Without being able to afford the bus fare into town, vulnerable Marsh Green residents were walking miles to and from the central foodbank with heavy bags of mainly tinned food for their families, so the church is now providing an outpost for easier access. As well as stacks of canned soup and beans, the church provides pastoral support for those who come in.

One desperate young mother, who looks pale and close to tears, comes rushing in for some food. She has three children and has recently had her benefits sanctioned. I am unable to speak to her, as she is taken into a back room where she has a chat with the vicar and the headmistress of the local primary school who also helps out here.

“People have pride,” the latter tells me. “It takes a lot to screw up your courage and admit you need help.”

She finds “more and more children are hungry” in her school, and “come from a house where there is no food and no heating”. She recently went round to the house of a family whose children had suddenly stopped attending nursery and discovered that the parents had been sanctioned by the Job Centre and there was consequently no heating in their home.

“Sanctioning families with young children – that’s child abuse,” says the vicar, shaking her head. “Why sanction them?” She tells me about the variety of people who come to the church for food:

“We get a lot of families, a number of people have some form of mental illness, and people who have been hit by the Bedroom Tax. One lady came in who had brought her family up, and now they’ve moved out and she has to pay the Bedroom Tax, she can’t afford food.”

It appears this pocket of historic Lancashire is no longer seeing the bread its thread once provided.


Ken Loach has gone from acclaimed filmmaker to one of the architects of Left Unity, a party with an increasing presence in Wigan (Photo: Getty)


Unions and unity

Underemployment is also prevalent. Nandy talks about the “insecurity” felt by many workers here, as “those days are gone” when Wigan’s strong industries – “railways, construction, mines, and before that, textiles” – guaranteed a secure job for life.

We sit down for fish and chips (apparently the best in Wigan) at a place called Mr Chips run by an ex-miner who started it up on his redundancy money. We are joined in the bright, sticky comfort of the small lunchroom by members of the CWU (the postal workers union), who give me their perspective on Wigan’s unstable working conditions.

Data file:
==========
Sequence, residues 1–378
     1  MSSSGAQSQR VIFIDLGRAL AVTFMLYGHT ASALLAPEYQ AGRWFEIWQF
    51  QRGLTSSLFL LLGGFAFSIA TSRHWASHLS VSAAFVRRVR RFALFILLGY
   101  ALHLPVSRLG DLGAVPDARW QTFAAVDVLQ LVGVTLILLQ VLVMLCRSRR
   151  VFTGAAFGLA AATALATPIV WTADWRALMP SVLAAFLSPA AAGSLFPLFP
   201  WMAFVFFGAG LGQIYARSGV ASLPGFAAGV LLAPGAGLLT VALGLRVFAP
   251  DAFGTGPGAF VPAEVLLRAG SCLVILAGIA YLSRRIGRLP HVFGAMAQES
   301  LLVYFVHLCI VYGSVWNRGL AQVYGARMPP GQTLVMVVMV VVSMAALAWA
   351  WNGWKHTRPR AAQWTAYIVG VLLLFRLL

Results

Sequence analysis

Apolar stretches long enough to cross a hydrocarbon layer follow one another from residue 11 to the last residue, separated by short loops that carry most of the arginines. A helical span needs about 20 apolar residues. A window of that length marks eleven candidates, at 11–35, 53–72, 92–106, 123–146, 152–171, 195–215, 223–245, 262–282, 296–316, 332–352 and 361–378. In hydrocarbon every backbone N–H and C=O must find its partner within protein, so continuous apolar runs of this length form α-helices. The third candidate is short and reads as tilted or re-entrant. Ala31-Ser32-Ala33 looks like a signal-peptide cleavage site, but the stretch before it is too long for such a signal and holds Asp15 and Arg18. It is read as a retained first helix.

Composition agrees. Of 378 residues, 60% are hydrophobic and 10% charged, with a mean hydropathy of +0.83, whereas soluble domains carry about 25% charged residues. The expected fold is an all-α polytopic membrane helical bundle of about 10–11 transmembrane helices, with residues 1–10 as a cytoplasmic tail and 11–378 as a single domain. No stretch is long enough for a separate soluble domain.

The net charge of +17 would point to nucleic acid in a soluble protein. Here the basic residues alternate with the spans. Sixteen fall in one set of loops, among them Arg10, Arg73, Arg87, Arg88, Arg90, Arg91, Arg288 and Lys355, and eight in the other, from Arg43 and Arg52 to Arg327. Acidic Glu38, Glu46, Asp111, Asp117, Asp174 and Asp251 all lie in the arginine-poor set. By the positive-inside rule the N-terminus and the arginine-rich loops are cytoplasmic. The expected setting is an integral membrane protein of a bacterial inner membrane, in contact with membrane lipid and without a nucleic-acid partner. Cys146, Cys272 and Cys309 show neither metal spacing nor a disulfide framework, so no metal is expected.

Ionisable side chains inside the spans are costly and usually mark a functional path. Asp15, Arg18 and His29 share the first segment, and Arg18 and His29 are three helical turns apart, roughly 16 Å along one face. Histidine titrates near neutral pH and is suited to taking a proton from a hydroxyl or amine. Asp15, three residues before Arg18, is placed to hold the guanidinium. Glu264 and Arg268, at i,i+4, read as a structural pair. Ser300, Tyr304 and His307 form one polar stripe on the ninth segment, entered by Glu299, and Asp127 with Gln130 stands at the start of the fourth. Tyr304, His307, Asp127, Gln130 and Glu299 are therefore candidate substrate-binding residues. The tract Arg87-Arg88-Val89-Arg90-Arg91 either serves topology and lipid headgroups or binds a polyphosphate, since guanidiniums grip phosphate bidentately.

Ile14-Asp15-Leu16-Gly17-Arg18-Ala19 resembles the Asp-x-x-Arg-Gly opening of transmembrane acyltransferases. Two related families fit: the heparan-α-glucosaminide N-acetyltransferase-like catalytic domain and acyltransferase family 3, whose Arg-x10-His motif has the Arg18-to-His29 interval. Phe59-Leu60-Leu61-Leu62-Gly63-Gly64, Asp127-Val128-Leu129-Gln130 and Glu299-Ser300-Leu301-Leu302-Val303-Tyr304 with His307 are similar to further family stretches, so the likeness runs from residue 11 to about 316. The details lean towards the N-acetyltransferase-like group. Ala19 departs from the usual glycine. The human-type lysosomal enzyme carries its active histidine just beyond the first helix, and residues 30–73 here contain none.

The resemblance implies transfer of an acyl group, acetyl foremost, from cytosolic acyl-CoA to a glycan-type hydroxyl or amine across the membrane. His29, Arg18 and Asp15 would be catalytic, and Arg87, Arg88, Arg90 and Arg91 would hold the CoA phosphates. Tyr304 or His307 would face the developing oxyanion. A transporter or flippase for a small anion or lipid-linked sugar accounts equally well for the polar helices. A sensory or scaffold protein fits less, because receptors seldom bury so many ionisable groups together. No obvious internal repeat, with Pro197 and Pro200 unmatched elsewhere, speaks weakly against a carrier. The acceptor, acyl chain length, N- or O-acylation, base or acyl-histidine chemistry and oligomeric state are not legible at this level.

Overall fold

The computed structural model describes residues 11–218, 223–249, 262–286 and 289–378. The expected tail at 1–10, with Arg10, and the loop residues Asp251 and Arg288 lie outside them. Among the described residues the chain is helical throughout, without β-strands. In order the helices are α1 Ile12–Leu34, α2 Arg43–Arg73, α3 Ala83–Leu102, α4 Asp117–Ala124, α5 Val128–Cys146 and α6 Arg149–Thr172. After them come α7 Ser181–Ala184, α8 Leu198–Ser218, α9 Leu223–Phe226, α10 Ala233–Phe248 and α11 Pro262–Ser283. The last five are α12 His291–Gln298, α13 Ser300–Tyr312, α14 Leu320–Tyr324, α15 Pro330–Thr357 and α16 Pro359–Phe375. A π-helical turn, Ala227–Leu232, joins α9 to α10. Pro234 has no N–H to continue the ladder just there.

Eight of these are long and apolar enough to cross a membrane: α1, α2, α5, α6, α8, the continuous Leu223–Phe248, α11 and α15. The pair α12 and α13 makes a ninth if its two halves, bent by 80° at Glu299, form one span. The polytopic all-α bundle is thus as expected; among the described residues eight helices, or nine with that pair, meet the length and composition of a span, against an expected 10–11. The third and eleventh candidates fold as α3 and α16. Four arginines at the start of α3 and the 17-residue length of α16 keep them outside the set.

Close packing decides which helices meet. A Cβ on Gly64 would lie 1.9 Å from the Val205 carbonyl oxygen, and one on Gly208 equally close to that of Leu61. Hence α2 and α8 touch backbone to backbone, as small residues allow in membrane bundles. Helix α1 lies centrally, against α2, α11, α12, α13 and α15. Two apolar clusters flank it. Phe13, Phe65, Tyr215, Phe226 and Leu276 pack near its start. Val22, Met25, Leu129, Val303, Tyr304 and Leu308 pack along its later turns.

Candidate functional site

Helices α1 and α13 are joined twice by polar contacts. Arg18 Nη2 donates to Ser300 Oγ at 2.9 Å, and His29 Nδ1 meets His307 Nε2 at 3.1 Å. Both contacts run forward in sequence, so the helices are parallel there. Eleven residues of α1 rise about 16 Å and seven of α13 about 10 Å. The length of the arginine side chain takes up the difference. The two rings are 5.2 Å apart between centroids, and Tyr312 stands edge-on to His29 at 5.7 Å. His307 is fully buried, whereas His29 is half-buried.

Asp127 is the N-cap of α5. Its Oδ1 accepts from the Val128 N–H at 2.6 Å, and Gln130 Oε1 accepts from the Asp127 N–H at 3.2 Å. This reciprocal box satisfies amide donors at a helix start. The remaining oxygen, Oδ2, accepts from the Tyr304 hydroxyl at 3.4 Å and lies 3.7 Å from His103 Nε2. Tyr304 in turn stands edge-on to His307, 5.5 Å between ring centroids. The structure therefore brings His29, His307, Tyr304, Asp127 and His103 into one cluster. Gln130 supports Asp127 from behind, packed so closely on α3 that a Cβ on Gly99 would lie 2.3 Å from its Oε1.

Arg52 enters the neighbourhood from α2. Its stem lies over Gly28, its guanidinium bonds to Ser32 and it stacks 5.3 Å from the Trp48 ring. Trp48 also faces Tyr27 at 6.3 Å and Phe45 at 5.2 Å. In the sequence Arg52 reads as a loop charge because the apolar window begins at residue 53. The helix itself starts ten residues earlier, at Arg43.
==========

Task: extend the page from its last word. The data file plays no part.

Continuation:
Their workplace, the sorting office, is just around the corner and is a big employer here. They worry about the future of the Royal Mail, which the government recently privatised, particularly in light of Amazon having its own courier service; the ensuing drop in parcel deliveries is losing the sorting office work and money.

Gary, a local union rep wearing his pale blue shirt bearing the Royal Mail insignia, explains, “It’s not secure anymore. It’s gone from being a public service to being a business drive, more and more drive towards profit. This has had a big local impact, a lot of lads who work in the sorting office live locally.”

He adds, “They don’t recruit full-time anymore, it’s all part-time, and we’re losing staff . . . it’s a race to the bottom.”

Ian, a regional union officer, tells me that working at the sorting office has long been seen as “I wish I had that job” because of its stability and good pay, but now “newer staff are absolutely terrified” because of more precarious employment conditions.

Trade unions play an important part in Wigan life to this day, partly due to the town’s industrial heritage, but also as a symptom of the modern-day difficulties workers face.

“There is a history of solidarity here,” Nandy observes. “They don’t like people getting shafted, whoever they are. There is a strong union presence here, and Labour is a culture and way of life. Labour hasn’t changed very much here in the last thirty years in terms of wanting security of work and a decent home. That’s the reason why I talk about the need to protect trade unions.

“Community is really strong,” she continues. “But real community, not when everyone gets along and skips around eating apple pie, but when they fall out and argue and pull together and look out for each other.”